The spray dried particles had a D10, D50 and D90 determined by means of a Leeds and Northrup Micro-trac® particle size analyzer using a dodecane solvent. Results are given in the Table 1 below. Spray dried particles were collected in two fractions, one fraction from the main drying chamber and the second fraction from the cyclone separator. In practice, the chamber fractions consists of larger particles. Note that some decarboxylation does occur at the temperature of spray drying due to the relatively high magnesium content of some of the samples. The decarboxylation, however is only partial under these conditions.
Step III: Decarboxylation of Spray Dried Particles
Specific samples of the spray dried particles prepared in accordance with Examples 1 to 13 were heated in a rotary evaporator in quantities of ≈250 grams at a heating bath temperature of 150° C. for 24 hours under a vacuum (28 inch of mercury vacuum) with a nitrogen purge of 0.2 cc/gram support/minute to completely remove carbon dioxide and any remaining ethanol present. The particles underwent a weight loss of equivalent to removal of all carbon dioxide present. In addition, FTIR (Fourier Transform Infarred Spectroscopy) indicated no detectable carbonyl in any of the decarboxylated samples, indicating complete conversion to magnesium ethoxide. The decarboxylated particles retained the solid round shape and dimension of the original spray dried particles and did not appear to undergo any structural deterioration as a result of this treatment.
These particles are substantially rounder and more uniformly sized than the irregularly shaped particles of magnesium ethoxide used in their preparation.
Step IV: Treatment of Shape-Shifted Support Particles with TICl4 and Electron Donor And Conversion to Procatalyst
To a 11.5 liter working capacity reactor were added in the following order at room temperature while stirring at a rate sufficient to suspend the solids added under a dry nitrogen atmosphere (<10 vppm H2 O): chlorobenzene, titanium tetrachloride, the desired quantity of the solid support prepared in (c) above and an approximately 50 wt % solution of diisobutyl phthalate in chlorobenzene. It should be noted that the order of addition is not critical, however it is typically easier to ensure that all of the support is properly mixed if the dry solid is added to the solution of titanium tetrachloride and chlorobenzene. In a typical preparation, an amount of support containing 3.0 to 3.5 moles of contained magnesium (either as the shape-shifted ethoxide as prepared in Step III above or as the carboxylated magnesium ethoxide as produced in Step II above) is converted to pro-catalyst. Initial total charges are: chlorobenzene-4.7 liters, titanium tetrachloride-8.2 kilograms, 187 grams (180 milliliters, 0.67 Moles) of diisobutyl phthalate. These correspond to ≈0.33-0.35 millimoles of Mg/cc of solvent (i.e. the mixture of chlorobenzene and titanium tetrachloride) and a molar ratio of 0.13 moles of diisobutyl phthalate/mole of magnesium added to the reactor.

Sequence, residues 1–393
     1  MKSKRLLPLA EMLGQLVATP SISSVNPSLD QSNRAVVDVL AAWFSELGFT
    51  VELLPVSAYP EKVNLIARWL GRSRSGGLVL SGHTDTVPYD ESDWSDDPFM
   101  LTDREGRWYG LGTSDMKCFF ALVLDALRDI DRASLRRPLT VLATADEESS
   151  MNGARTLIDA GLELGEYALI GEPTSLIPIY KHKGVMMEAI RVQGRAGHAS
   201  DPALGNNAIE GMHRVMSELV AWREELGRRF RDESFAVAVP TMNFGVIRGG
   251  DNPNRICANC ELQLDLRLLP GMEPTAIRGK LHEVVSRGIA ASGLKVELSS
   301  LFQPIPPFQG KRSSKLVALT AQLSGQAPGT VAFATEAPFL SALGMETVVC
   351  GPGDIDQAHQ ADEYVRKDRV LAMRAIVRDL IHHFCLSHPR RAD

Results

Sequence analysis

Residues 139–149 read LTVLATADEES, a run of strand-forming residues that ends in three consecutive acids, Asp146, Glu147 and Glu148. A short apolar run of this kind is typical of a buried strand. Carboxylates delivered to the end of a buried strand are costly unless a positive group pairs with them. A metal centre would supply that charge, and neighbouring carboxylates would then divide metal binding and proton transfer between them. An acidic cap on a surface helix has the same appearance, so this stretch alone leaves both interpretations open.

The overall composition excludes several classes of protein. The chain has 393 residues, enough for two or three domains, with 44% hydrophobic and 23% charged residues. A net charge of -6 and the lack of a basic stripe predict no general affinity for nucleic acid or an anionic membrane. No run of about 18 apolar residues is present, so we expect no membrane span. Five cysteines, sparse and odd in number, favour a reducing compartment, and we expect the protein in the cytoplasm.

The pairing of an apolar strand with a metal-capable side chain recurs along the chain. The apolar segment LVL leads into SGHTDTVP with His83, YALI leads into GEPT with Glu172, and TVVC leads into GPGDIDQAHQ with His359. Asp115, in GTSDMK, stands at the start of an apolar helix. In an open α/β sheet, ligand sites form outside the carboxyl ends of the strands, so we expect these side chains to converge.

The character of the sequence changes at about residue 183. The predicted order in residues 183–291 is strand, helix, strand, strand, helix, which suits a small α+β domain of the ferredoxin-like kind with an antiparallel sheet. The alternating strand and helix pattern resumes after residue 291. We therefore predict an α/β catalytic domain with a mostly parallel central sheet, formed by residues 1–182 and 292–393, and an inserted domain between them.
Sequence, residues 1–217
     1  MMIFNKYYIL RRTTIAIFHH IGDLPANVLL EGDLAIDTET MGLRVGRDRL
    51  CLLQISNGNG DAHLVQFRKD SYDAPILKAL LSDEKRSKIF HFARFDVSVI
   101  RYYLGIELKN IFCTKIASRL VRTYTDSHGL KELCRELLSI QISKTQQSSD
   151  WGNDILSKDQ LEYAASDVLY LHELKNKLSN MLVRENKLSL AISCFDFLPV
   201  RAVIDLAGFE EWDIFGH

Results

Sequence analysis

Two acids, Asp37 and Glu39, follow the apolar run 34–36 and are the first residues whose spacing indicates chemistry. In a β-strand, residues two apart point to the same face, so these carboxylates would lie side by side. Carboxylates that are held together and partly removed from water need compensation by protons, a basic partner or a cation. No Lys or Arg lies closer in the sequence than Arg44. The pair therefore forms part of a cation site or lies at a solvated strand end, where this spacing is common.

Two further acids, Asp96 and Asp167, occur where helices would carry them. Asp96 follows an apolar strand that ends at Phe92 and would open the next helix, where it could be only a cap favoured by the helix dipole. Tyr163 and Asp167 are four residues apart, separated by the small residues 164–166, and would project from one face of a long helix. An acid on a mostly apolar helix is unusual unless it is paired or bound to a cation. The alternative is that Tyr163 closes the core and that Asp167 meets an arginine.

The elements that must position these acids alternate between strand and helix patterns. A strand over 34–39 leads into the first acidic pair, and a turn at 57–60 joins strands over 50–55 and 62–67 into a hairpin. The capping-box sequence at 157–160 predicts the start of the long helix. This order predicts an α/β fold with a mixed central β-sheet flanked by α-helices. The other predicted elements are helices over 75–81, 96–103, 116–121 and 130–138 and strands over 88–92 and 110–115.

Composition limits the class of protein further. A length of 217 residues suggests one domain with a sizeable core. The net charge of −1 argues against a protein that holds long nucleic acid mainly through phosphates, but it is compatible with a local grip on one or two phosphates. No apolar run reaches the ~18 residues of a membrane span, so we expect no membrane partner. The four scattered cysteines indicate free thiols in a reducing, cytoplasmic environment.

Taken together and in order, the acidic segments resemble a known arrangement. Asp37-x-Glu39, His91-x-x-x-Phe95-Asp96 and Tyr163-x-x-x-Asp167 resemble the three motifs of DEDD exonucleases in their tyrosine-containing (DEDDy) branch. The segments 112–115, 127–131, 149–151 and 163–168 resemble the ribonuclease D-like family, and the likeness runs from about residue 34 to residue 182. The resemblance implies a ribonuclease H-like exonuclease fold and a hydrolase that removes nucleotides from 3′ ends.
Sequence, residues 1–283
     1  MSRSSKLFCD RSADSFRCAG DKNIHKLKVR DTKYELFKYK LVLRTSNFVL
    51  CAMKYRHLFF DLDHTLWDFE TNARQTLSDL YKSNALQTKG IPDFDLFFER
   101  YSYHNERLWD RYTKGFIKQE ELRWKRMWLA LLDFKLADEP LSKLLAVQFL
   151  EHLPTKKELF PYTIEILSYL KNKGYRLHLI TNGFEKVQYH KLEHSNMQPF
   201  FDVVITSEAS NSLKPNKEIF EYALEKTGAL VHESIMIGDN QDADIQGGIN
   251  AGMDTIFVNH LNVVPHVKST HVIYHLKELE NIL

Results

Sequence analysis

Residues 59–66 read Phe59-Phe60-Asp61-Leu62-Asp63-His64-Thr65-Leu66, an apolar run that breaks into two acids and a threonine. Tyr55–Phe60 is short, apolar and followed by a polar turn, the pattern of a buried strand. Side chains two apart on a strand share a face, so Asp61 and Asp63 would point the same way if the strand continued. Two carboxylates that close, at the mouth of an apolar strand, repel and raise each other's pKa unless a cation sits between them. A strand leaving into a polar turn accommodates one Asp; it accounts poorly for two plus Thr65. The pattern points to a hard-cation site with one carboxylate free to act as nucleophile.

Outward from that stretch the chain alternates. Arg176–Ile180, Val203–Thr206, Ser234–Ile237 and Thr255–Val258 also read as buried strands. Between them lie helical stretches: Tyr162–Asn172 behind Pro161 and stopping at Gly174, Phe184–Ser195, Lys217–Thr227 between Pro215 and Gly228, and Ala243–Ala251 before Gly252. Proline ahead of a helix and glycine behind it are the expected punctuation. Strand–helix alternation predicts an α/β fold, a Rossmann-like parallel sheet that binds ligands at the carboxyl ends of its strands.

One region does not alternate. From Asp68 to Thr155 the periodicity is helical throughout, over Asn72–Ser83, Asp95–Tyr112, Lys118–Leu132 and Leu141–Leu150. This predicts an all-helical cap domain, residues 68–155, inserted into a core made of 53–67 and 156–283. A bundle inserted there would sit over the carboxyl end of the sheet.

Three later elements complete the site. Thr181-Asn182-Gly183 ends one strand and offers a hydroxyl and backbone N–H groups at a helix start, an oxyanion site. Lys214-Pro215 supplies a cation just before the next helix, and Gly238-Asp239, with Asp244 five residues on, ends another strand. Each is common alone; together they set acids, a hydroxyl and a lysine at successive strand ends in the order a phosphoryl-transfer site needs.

After addition of the above materials to the reactor, the temperature of the reactor is raised first to 50° C. and held for 30 minutes, then to 105°-110° C. and held for 60 minutes. The slurry is filtered. Solid round particles were collected. The solids were reslurried in a solvent mixture of titanium tetrachloride and chlorobenzene (≈8.2 kg of TiCl4 and 4.7 liters of chlorobenzene). A quantity of phthaloyl dichloride equivalent to 0.049-0.05 moles/mole of magnesium in the starting support is added. The mixture is heated over a period of about 30 minutes up to 105°-110° C. and stirred for an additional 60 minutes.
The slurry is filtered as before. Solid round particles were collected. These particles were reslurried in an equivalent mixture of titanium tetrachloride and chlorobenzene with the exception that phthaloyl dichloride was not added. The mixture is heated to 105°-110° C. and stirred for an additional 10-30 minutes and filtered again. The solids are washed with 6 times with dry hydrocarbon solvent (hexane is typically used). Approximately 1500 milliliters of solvent is used in each wash. The solids are filtered after each wash to remove solvent and any residual titanium tetrachloride present. After the last wash is completed, the solid round particles are dried with a nitrogen flow and then placed into a mineral oil slurry (Kaydol®) of approximately 25-30 wt % solids.
The treated particles retained the round shape and the dimension of the original decarboxylated particles and did not appear to undergo any structural deterioration as a result of this treatment. Further details on the preparation are given in Table 2 along with analysis of the supports and the final catalysts.
The round catalyst particles prepared as described in Step IV, Examples 14 to 16, were employed together with triethylaluminum, as cocatalyst, and diisobutyldimethoxysilane, as selectivity control agent or outside electron donor, to polymerize propylene in a fluid bed reactor system similar to that described and illustrated in U.S. Pat. Nos. 4,302,565; 4,302,566; and 4,303,771.
The round catalyst particles were continually fed to the polymerization reactor as ≈30 percent dispersion in mineral off. The triethylaluminum cocatalyst was employed as a 2.5 percent solution in isopentane, and the silane selectivity control agent was employed as a 1 percent solution in isopentane.
Hydrogen was added to the reactor as a chain transfer agent to regulate the molecular weight of the polymer produced. Nitrogen was added as a diluent gas.
The polymer particles obtained were quite round and contained a low proportion of fines.